It’s a Science Experiment!

Inspired by a recent episode of Mythbusters, I’ve decided to undertake a small science experiment. I want see how many more miles I can get out of a full tank of gas simply by changing my driving habits. It’s a documented fact that the more aggressively you drive, the more gas you waste. As Kari, Grant and Tori showed on Mythbusters, driving stressed out or angry used up to as much as 1/3 more gasoline as when speed limits, traffic signs, etc. are obeyed. Now, I wouldn’t call myself an overly aggressive driver, but I do exceed posted speed limits from time to time, and if you ask my wife, she’ll gladly tell you that I take corners rather hard. So when I filled my tank on August 8th, I made a mental note that I was going to “go to my happy place” while driving around town. I would then compare my average milage during my experiment with what I’ve been getting over the last 10 fill-ups. Fortunately, I’ve been keeping track of my average miles per gallon since May for just such an occasion.

Using the data I’ve collected over the last ten weeks I’ve determined that I get an average of 258 miles to a single tank of gas which is about 21 miles per gallon. I rarely do highway driving so my around-town trips fall squarely at the low end of Honda’s 21-23 MPG rating for the Civic. It will be interesting to see how much, if any, I can increase my average miles per gallon simply by becoming a more responsible driver. Even if I don’t manage to get much more bang for my mileage buck, I can say without a doubt that I’ve actually enjoyed driving more these past few days than I usually do. Since I know I can’t speed, I plan my departure accordingly and give myself plenty of time to be places. This results in a more relaxed pace and a more enjoyable experience behind the wheel.

One unexpected side-effect of my experiment is that I can see how I must have been driving. When not on my bumper or passing me at dizzying speeds, other motorists have been generally cranky as I obey traffic signs and speed limits. It’s funny because I drive along and think “there but for the grace of God, go I”. As of today, my fuel gauge is reading half empty and my odometer says I’ve gone 153 miles. Pretty good, but as a friend pointed out to me, my car’s fuel tank is not symmetrical so the lower half of the tank probably holds less than the upper. This means we’ll have to wait for the experiment’s conclusion to see just how I did. I’ll be sure to do an update when I have the final results.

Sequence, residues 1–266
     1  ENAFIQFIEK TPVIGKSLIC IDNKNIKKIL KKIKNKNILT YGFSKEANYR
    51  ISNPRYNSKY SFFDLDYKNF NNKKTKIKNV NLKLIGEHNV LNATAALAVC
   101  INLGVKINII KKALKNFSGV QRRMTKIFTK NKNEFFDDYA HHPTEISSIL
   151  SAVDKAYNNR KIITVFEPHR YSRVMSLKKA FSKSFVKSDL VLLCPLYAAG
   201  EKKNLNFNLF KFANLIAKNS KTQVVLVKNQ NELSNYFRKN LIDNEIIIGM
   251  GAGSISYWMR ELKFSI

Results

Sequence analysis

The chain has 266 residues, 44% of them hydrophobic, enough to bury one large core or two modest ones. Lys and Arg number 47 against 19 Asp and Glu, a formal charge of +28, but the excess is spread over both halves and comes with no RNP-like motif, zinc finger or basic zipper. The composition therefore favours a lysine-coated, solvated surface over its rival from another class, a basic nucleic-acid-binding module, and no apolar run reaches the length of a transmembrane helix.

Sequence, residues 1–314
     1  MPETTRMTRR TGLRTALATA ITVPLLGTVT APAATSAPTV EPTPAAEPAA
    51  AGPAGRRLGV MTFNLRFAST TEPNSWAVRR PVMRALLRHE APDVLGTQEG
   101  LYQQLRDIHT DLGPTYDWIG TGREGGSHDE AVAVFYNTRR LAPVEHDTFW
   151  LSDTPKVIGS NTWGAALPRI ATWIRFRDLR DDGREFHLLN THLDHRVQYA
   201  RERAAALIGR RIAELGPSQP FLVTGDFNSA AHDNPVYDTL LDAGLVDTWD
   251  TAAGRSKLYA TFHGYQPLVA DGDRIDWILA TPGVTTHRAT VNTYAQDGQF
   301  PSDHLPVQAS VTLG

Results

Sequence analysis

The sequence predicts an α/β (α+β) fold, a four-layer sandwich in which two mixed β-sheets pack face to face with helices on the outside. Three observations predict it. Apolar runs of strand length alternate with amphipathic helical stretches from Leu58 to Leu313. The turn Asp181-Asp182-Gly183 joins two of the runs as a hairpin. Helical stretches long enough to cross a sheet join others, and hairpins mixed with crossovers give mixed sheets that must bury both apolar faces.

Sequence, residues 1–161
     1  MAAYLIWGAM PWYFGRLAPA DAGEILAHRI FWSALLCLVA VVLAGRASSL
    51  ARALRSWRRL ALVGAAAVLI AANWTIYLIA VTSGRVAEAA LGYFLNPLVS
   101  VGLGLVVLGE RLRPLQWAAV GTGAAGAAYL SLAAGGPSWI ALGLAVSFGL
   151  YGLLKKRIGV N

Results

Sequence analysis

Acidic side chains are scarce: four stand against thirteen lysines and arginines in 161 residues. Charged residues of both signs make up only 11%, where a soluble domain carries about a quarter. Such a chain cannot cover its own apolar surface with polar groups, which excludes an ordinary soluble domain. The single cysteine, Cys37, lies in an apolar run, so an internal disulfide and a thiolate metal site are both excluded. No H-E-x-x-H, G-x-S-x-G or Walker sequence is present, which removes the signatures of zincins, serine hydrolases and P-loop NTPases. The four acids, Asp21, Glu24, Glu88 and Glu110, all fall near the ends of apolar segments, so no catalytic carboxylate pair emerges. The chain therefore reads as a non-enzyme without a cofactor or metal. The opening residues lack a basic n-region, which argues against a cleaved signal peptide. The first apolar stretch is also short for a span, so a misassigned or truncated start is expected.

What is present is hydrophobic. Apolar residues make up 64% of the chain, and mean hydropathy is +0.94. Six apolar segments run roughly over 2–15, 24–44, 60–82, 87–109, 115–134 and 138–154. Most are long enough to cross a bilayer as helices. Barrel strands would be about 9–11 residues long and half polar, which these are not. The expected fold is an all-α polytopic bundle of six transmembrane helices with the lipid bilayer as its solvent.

When this trial is over, I’ll probably go back to my lead-footed ways, but if I can get 10-20 more miles out of a tank of gas simply by obeying posted speed limits, I may take up permanent residence in my driving “happy place”. Stay tuned!

UPDATE: Well the results of my experiment are in. After running all the way past “E”, with no extra highway driving, I managed to get a full 278 miles out of my fill-up. That means that simply by obeying speed limits and curbing my aggressive driving, I managed to get a full 20 more miles from my car than normal. I increased my average miles per gallon from 21 to 23 which just about equaled an extra gallon of gas. Hooray for science!


  1. Great experiment! I’ve been thinking about trying it myself.

    * Scientist hat on*

    One thing bugs me about the graph is that you used miles per tank. Are you using the same number of gallons each tankful? My suggestion would be to plot your MPG over time instead of miles driven per tank. Unless you’re using the same number gallons each time, your results will be skewed.

    *Scientist hat off*

  2. Dave,

    Yeah, I didn’t bother to put the number of gallons for each fill up, but I have kept track of it. The total ranges from 12.0 gallons on the low side to 12.8 gallons on the high side with an average of 12.4 gallons for all. I think this isn’t enough of a variation to really mess up the results, but you’re the scientist, so you’ll have to tell me for sure 😉

  3. Actually, yes. Full warranty — even brakes, oil service, air filters etc. I haven’t paid for anything other than tire rotations. Even if I had to, she’s never broke down. 🙂

  4. What year/model Civic is it? I had a ’95 that I would run up to 450 highway miles on a tank. I used to keep pretty good track of my mileage & # gallons/fill-up and was always close to 40mpg (>90% highway miles). If you really want to track fuel economy, you should monitor mpg and not just raw miles.

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